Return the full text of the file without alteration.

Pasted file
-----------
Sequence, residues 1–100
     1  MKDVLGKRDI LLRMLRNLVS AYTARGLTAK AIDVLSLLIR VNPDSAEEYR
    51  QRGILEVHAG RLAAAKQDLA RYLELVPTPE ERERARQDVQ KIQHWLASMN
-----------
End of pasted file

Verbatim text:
Sequence, residues 1–100
     1  MKDVLGKRDI LLRMLRNLVS AYTARGLTAK AIDVLSLLIR VNPDSAEEYR
    51  QRGILEVHAG RLAAAKQDLA RYLELVPTPE ERERARQDVQ KIQHWLASMN